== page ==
GREEN BAY – The knock on the door startled Justin McCray at first. He hadn't been in Green Bay for more than a few days, and to that point, the only friends he'd made were the four walls of his hotel room.
McCray, who signed with the Packers as a street free agent during that 2017 offseason, was among the two dozen or so roster hopefuls staying at a local hotel in Green Bay while participating in the team's nine-week offseason program.
The first thought in McCray's head was someone must have the wrong room and opened his door to correct them on their error.
"Hey, I'm Lucas Patrick," the man quickly said. "I know you just got here and don't really know anybody but if you want to get around or do anything, I'm here. I'm bored in the hotel, too."
To be certain, McCray knew who Lucas Patrick was. One of the unfortunate truths about life as an undrafted free agent is you're keenly aware of who you're competing against for a roster spot.
But that didn't seem to matter to Patrick, the affable, teddy-bearish Tennessean who a year earlier parlayed a tryout at Green Bay's rookie minicamp into a season-long stint on the team's practice squad.
McCray was floored. Where he grew up in Miami, it was every kid for himself. You take what you can and leave nothing behind, but that wasn't Patrick. He'd heard about McCray, a former hotel bellhop who punched his ticket back to the NFL through a stint with the Orlando Predators of the Arena Football League, and was inspired by his story.
As arduous as Patrick's own journey was to the NFL, he's always been willing to lend a hand or answer a question – even if it's for someone he's competing against for a job.
Maybe that's what's made the first half of the 2020 NFL season so sweet for McCray and others who know Patrick best. A top reserve for three seasons, Patrick has started all eight games on the Packers' offensive line this season. With 495 snaps played, the 27-year-old already has surpassed his workload from the past two seasons combined (415).
"He's got such a good head on his shoulders," quarterback Aaron Rodgers said. "It's fun to see him develop as a super reliable guy. He was always a guy you felt pretty good about plugging in there. You knew the effort was always gonna be there. You knew the finish was gonna be there."
As diligent as he is welcoming, Patrick invested every minute of his quarantined offseason into his preparation for this season – going so far as to relocate equipment from his training facility, APEX Performance, into his garage during the heart of the lockdown to stay on schedule.
Finally parked in a consistent role, Patrick has begun to reap the rewards of perhaps his two defining qualities: unselfishness and drive.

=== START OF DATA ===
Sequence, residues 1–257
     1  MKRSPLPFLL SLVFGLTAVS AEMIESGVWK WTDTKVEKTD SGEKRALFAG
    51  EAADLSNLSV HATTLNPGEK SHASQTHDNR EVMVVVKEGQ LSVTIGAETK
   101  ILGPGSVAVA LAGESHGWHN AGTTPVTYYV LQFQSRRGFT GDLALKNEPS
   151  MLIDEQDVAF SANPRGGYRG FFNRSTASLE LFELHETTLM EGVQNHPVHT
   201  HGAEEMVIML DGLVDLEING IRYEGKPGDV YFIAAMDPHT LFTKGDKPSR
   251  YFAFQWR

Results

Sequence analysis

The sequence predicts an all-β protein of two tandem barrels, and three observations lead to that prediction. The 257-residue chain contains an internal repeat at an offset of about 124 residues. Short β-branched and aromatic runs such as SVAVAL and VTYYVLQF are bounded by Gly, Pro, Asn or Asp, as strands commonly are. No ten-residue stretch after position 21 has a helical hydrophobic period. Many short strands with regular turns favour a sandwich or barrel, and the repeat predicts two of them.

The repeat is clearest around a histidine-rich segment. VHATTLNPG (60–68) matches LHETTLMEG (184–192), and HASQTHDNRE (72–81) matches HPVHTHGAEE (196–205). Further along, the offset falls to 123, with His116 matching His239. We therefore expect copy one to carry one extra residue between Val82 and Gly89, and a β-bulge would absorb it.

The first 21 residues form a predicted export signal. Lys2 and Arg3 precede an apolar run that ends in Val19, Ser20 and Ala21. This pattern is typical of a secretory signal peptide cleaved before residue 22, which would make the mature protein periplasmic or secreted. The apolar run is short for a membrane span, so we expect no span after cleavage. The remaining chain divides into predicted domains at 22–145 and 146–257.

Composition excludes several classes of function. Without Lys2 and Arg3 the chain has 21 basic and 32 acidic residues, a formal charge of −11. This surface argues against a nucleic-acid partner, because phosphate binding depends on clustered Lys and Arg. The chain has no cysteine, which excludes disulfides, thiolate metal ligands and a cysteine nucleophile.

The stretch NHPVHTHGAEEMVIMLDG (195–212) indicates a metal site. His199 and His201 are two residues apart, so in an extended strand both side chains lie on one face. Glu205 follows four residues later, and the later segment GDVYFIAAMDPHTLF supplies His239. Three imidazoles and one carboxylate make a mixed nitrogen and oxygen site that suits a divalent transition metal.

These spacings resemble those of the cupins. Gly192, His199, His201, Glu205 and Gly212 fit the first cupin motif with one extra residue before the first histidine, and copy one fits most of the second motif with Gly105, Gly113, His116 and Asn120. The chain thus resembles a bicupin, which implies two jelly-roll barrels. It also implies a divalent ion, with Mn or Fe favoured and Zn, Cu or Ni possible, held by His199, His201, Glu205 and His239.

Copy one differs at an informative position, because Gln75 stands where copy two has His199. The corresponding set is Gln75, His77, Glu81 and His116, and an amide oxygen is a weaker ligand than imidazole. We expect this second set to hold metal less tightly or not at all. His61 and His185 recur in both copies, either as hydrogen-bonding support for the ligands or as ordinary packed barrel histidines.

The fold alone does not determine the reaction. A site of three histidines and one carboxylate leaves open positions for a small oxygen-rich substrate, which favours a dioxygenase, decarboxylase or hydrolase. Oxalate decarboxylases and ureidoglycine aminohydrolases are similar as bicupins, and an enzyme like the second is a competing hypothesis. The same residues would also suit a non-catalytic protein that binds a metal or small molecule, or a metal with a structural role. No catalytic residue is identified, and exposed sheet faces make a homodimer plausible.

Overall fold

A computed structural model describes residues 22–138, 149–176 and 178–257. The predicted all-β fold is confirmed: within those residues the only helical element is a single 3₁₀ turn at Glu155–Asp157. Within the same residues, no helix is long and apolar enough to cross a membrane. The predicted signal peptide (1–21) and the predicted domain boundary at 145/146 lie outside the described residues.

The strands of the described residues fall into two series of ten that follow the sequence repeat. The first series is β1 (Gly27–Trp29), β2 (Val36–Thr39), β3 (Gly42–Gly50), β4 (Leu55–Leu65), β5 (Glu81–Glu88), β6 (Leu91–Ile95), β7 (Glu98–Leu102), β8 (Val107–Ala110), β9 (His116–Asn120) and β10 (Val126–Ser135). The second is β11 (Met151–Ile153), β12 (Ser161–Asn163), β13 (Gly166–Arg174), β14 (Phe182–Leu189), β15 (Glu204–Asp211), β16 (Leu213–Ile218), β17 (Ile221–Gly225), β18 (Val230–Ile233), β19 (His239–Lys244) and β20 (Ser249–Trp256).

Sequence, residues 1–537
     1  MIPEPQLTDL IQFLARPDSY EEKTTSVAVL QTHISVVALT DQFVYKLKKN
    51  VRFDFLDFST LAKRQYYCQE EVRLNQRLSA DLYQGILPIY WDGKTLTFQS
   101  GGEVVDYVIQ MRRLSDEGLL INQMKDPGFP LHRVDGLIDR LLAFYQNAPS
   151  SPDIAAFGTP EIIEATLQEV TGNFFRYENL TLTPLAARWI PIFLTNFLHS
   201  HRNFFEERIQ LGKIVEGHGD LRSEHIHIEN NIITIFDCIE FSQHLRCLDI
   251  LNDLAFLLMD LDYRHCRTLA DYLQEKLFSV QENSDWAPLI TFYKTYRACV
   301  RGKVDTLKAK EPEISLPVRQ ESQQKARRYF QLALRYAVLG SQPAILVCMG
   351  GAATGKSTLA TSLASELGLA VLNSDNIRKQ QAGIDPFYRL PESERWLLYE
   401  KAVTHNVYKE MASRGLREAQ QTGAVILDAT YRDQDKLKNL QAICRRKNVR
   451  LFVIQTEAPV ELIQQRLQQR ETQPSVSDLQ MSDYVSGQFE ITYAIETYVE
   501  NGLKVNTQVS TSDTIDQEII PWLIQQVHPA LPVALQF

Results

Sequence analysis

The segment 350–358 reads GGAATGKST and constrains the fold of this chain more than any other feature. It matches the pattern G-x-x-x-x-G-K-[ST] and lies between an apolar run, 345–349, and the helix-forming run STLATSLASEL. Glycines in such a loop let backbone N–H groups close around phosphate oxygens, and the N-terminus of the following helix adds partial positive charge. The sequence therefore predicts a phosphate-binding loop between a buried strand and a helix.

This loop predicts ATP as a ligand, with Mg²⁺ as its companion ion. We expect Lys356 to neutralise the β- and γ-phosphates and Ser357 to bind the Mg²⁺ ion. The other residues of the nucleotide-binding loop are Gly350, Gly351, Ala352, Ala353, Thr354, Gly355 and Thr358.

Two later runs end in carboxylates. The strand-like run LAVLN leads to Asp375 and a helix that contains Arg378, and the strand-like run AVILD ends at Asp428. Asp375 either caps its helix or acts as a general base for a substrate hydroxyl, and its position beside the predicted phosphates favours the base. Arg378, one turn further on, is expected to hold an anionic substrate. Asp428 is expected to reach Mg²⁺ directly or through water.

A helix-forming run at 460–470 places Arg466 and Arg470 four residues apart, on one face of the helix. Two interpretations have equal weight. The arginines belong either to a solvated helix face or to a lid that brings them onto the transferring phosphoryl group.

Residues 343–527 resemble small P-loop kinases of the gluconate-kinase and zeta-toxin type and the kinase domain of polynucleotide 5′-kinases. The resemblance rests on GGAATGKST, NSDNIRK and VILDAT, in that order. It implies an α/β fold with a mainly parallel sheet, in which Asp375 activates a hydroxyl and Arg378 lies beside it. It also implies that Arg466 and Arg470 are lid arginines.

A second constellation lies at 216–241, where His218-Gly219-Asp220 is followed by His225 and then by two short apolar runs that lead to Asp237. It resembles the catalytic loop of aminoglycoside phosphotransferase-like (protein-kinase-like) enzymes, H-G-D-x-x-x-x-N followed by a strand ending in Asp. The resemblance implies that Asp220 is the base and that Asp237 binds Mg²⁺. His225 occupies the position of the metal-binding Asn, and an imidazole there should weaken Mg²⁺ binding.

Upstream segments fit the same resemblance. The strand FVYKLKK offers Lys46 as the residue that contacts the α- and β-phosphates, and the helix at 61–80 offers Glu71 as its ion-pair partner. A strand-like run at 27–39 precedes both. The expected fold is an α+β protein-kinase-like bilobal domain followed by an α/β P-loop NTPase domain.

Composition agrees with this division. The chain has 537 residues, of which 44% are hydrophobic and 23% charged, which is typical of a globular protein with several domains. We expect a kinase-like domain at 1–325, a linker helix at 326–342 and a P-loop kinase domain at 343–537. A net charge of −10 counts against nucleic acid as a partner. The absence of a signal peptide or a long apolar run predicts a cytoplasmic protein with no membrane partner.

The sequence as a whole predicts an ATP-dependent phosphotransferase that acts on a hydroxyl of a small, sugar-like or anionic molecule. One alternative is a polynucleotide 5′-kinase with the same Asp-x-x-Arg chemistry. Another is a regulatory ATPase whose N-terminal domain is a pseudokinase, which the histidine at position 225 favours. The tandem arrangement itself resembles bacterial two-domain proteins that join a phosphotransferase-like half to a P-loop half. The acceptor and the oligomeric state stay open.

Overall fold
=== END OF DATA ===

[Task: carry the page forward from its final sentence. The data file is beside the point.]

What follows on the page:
"There's a lot of little things that go to show the type of person that he is," said APEX head trainer Jeron Mastrud, who's overseen Patrick's offseason the past two years. "He's a quality person, not just some football player out there."
The unselfish brother
Looking back on it now, McCray recognizes Patrick had no reason to help a new guy who simply put was there to take his spot.
Few have had to work harder for a place in the Packers' locker room than Patrick, one of a handful of tryout players at rookie minicamp over the past 25 years who still found a place on the team.
Despite a season spent on the practice squad, Patrick's situation remained precarious at best in the spring of '17. The Packers lost T.J. Lang and JC Tretter in free agency but also signed six-time Pro Bowl guard Jahri Evans and drafted South Florida's Kofi Amichia in the sixth round that spring.
Training camp was a proving ground and every day was a Super Bowl for McCray and Patrick. Life on the 90-man limit is tough sledding and one misstep could very well send you packing. It teaches an undrafted free agent to be perfect in every rep.
The two battled every practice, rotating at the same three positions – left guard, center and right guard. Competition led to mutual respect and mutual respect led to friendship.
"I remember in the thick of camp … Lucas came up to me and said, 'Hey I know we're competing, man, but your story is amazing. You're a really good guy. If you were to make this team and I wouldn't, I'd be really happy for you,'" McCray recalled.
"It took me back a little bit, and ever since then, I was like, 'Man, this is really a good guy. This is somebody I could really be cool with.'"
As luck would have it, both made the Packers' 53-man roster and the brotherhood was officially born. The two shared an apartment in Hobart that first season before renting out both sides of a duplex the following year.